September 29, 2009 / 3:51 PM / 10 years ago

France cuts Guinea military aid, clash toll jumps

CONAKRY (Reuters) - France led international pressure on Guinea’s military rulers by cutting military cooperation on Tuesday after a crackdown by the security forces on its opponents killed 157, according to a local rights group.

People carry placards during a protest in Conakry in this frame grab taken from September 28, 2009 footage. REUTERS/Reuters TV

Condemnation of Guinea’s junta intensified, with France also joining the African Union in mulling sanctions after security forces on Monday shot at tens of thousands of protesters urging military ruler Captain Moussa Dadis Camara to step down.

Monday’s violence was the worst since Camara seized control of the world’s top bauxite exporter in a December 2008 coup. But the junta leader said he was not responsible for the deaths and would still hold meetings to decide on whether to stand in a presidential election due in early 2010.

“France has decided to immediately suspend military cooperation with Guinea. It is also reviewing its entire bilateral aid,” French Foreign Minister Bernard Kouchner said.

“At our request, the European Union will meet tomorrow in Brussels to examine additional measures, particularly against individuals, that could be taken swiftly,” he said, adding that Paris, Guinea’s former colonial ruler, was also talking to the African Union and the United Nations Security Council about the situation.

Earlier on Tuesday, an overnight death toll doubled.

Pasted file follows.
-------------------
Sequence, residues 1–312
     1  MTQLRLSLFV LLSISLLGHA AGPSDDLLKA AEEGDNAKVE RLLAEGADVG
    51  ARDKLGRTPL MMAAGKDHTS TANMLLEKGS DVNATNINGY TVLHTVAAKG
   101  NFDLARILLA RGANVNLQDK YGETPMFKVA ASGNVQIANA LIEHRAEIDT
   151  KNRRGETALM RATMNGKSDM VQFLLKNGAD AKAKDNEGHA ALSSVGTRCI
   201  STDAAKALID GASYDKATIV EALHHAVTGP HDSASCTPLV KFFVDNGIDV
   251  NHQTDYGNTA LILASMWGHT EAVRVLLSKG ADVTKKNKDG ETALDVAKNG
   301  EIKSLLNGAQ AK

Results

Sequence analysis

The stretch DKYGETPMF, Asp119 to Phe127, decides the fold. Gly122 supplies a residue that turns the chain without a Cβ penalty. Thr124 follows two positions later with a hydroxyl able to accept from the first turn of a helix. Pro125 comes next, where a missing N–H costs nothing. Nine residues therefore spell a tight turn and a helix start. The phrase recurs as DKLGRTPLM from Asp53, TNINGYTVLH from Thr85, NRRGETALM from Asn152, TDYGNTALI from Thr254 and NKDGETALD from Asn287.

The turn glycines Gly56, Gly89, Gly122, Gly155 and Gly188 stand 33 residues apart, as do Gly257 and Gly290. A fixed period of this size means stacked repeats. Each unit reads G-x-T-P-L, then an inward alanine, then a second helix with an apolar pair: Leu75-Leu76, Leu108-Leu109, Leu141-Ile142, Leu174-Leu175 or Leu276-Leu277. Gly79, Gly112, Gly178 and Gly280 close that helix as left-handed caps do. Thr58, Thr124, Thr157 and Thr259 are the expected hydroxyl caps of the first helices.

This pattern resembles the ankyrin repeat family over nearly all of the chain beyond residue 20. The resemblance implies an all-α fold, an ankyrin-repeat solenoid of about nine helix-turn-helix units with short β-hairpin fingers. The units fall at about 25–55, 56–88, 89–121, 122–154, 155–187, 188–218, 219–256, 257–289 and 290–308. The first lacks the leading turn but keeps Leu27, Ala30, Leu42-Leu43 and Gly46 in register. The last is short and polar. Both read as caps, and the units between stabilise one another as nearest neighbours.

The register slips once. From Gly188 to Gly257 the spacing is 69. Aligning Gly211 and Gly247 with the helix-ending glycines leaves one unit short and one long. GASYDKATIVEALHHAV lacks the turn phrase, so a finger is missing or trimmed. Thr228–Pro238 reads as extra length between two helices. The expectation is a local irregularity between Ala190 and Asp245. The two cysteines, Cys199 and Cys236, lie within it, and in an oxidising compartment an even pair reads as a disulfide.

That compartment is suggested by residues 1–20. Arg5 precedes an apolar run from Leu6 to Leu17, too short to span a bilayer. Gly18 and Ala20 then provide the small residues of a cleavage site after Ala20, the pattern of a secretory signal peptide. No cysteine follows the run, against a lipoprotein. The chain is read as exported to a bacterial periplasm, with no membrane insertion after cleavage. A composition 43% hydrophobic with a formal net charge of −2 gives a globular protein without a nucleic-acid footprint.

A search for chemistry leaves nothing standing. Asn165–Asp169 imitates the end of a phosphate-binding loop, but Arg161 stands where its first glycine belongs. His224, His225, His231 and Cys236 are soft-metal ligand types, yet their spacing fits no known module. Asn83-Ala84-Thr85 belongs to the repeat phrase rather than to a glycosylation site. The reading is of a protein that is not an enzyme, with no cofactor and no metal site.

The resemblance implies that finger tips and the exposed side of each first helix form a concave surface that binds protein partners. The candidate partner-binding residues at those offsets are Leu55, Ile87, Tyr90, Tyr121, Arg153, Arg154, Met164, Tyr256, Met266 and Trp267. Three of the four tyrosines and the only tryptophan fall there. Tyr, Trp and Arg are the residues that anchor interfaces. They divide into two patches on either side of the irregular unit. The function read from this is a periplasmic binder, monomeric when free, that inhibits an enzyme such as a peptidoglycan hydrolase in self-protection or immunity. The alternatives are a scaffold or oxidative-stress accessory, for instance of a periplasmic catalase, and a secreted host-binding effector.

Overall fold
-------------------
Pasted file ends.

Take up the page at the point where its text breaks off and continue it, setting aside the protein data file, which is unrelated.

“According to hospital sources that we have spoken to, 157 dead and 1,253 injured have been registered,” said Thierno Maadjou Sow, president of the Guinean Human Rights Organisation.

Sow told Reuters the figure did not include the bodies of those demonstrators killed at the September 28 stadium but which had not been delivered to hospitals.

The clashes follow months on wrangling between Camara and his opponents, who are backed by donors and regional bodies in insisting he should not stand in a January presidential poll.

Camara has not made any official declaration but diplomats say he has told them in private he will be a candidate.

The African Union on Tuesday also called on Camara to confirm he would honour his pledge not to stand in the election and so allow transition back to civilian rule.


However, Camara rejected responsibility for the deaths.

“This clash did not take place because of me,” he told French state broadcaster RFI, adding that he would soon convene a meeting with leaders in Guinea to decide on his candidacy.

U.N. Secretary-General Ban Ki-moon has condemned the killings, which eyewitnesses said were unprovoked, indiscriminate and involved sexual abuse.

“Soldiers were firing at people and those who tried to get out (of the stadium) were caught and finished off with bayonets,” said Guinean human rights activist Souleymane Bah.

“I saw soldiers strip women naked, spread their legs and stamp on their privates with their boots,” he added.

Camara seized power after President Lansana Conte died in December 2008. He enjoyed initial support from a population hungry for change after decades of Conte’s rule left the mineral-rich nation in disarray.

However, increasingly erratic behaviour, including crackdowns on former backers in the military, attacks on mining companies the country is so dependent on and the likelihood he will stand for election, have fuelled instability.

Analysts agreed criticism was unilateral but question the impact it will have on those running the mineral-rich nation.

“We have yet to see what tangible measures will be adopted as a clarion call to Guinea’s leadership that such an overt abuse of human rights and disproportionate use of force will not be tolerated,” said IHS Global Insight analyst Kissy Agyeman.

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